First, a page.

Tuesday, January 13, 2009

Nature of the Financial Crisis

Axel Leijonhufvud has a very insightful article on the causes of the financial crisis. The basic point of departure is the difference between positive and negative feedback systems. Typically markets display negative feedback: when demand exceeds supply price tends to rise. This restores equilibrium. A thermostat is a negative feedback system, it stabilizes the temperature in your house. Positive feedback systems can lead to bubbles. Leijonhufvud explains how the monetary system and the financial system took on features of positive feedback.

Leijonhufvud also has important things to say about the process of deleveraging. His conclusion is not rosy:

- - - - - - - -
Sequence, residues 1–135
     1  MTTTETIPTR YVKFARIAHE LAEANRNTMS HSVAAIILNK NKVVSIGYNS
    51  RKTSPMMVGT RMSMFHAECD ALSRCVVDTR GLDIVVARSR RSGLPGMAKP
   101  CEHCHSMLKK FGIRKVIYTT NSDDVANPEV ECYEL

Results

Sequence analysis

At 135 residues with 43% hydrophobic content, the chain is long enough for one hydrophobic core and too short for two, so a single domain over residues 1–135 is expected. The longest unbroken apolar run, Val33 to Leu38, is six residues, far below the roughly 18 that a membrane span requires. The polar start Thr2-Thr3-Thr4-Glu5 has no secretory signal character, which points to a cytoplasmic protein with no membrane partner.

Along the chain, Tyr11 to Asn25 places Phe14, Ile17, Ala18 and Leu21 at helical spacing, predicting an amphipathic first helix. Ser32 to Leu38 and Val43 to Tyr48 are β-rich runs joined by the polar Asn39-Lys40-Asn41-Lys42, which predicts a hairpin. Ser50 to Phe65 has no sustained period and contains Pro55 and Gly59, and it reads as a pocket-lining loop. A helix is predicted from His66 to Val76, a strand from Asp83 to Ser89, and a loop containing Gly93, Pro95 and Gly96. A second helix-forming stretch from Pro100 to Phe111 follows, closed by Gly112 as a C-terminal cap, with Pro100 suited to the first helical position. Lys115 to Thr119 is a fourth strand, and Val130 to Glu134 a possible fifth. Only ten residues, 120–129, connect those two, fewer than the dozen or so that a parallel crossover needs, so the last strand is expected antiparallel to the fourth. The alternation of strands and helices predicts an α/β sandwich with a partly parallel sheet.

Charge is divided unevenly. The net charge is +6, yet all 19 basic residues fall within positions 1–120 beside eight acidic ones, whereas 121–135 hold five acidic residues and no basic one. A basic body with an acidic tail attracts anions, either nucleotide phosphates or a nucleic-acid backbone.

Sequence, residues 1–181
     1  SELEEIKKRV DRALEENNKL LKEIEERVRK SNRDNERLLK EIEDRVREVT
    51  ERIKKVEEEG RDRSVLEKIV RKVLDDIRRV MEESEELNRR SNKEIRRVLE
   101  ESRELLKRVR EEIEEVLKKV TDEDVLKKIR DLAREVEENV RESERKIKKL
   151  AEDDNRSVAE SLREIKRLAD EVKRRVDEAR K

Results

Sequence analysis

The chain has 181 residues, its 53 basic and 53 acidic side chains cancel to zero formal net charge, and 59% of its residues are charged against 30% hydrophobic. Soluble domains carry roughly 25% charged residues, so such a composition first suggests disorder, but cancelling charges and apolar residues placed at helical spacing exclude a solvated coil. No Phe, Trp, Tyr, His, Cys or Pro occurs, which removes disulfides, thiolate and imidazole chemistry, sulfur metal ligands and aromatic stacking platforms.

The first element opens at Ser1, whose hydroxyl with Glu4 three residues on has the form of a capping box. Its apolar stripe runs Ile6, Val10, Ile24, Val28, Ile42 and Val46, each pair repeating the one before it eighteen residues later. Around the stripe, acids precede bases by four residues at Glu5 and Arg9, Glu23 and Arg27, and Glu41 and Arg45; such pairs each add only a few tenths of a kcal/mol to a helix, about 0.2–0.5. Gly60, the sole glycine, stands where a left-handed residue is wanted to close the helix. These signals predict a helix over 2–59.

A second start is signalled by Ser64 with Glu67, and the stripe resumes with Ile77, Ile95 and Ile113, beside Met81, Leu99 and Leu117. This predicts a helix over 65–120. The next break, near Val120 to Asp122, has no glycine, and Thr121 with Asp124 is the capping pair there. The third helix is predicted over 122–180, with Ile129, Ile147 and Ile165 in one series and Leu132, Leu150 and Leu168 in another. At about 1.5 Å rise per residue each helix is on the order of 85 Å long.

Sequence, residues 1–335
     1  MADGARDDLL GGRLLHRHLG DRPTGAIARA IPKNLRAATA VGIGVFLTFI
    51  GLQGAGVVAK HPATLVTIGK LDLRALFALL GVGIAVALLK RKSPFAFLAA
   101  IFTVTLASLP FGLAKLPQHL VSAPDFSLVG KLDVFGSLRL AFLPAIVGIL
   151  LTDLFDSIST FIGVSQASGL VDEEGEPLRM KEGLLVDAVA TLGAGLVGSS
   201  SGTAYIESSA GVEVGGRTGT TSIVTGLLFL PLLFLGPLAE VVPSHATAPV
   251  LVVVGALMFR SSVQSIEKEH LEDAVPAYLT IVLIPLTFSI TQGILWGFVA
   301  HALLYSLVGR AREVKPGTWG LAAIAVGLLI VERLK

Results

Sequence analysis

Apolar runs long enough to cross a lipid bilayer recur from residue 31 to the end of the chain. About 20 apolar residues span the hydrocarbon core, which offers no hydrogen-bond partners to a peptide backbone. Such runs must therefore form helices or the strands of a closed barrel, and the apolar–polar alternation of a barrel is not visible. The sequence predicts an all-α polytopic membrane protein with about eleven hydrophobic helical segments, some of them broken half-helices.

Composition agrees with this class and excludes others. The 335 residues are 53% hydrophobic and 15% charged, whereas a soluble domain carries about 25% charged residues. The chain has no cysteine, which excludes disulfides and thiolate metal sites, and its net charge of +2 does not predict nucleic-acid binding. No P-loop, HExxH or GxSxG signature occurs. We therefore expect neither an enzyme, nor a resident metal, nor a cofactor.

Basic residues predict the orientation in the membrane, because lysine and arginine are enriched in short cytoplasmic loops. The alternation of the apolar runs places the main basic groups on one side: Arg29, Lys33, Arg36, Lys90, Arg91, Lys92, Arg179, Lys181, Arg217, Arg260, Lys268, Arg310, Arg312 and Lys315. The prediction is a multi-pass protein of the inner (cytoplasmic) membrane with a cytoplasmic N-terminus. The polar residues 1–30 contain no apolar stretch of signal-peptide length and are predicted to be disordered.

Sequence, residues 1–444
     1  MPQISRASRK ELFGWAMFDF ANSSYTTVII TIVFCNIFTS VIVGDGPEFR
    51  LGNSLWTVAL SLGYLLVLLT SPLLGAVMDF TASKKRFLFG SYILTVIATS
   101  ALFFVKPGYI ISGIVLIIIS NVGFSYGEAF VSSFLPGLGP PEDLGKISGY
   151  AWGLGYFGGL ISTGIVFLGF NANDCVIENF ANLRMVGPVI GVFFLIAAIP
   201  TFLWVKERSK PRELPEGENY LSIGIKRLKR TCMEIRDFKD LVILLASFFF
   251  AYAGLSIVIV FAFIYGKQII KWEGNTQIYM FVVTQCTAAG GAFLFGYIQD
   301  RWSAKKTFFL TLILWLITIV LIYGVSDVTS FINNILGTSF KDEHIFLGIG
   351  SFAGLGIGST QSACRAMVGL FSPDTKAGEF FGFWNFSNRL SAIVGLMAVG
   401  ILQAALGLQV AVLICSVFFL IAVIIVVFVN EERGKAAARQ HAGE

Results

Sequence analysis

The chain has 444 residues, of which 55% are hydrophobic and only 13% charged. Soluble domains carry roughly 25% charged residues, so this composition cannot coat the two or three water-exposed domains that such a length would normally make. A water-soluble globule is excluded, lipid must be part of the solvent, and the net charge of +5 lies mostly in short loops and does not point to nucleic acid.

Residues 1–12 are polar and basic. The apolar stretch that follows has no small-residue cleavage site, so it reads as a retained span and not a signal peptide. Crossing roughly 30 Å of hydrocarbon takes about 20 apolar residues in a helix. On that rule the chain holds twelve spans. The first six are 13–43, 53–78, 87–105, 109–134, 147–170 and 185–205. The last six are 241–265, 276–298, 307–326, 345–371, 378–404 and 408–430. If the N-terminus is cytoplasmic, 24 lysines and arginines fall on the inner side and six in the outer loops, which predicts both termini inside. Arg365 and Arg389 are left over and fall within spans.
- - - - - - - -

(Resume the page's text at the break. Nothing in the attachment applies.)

American households are also fairly highly levered at this time and virtually the only way for them to reduce debt is to increase their saving. The fall in business investment combined with the increase in attempted saving by households will, under present financial conditions, produce the kind of recession that John Maynard Keynes theorised about. The automatic adjustment tendencies of free markets are peculiarly ineffective in producing a recovery from a recession of this type.

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